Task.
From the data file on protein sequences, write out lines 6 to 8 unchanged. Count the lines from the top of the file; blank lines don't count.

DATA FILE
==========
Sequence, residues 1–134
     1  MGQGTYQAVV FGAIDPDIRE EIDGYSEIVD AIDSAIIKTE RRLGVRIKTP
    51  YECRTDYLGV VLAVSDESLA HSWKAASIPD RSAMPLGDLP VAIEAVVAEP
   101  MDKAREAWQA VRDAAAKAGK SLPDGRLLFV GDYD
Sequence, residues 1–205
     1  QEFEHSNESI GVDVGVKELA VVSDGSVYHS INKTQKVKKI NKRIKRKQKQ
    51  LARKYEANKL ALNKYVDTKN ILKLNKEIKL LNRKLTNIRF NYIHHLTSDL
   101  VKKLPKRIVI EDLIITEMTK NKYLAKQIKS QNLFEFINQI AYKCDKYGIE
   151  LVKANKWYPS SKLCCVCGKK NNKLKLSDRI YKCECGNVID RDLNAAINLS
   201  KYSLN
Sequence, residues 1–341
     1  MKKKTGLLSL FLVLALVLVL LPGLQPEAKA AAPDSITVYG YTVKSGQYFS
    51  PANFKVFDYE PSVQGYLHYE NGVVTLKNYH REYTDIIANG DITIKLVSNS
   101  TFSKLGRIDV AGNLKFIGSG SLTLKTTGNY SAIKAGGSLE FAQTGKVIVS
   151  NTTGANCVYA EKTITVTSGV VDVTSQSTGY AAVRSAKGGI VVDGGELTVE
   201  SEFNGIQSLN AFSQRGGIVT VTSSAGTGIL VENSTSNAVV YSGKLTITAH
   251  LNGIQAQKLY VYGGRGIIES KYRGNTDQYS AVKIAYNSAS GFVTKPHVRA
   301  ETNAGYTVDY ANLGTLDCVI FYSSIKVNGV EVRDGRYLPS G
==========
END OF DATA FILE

     1  QEFEHSNESI GVDVGVKELA VVSDGSVYHS INKTQKVKKI NKRIKRKQKQ
    51  LARKYEANKL ALNKYVDTKN ILKLNKEIKL LNRKLTNIRF NYIHHLTSDL
   101  VKKLPKRIVI EDLIITEMTK NKYLAKQIKS QNLFEFINQI AYKCDKYGIE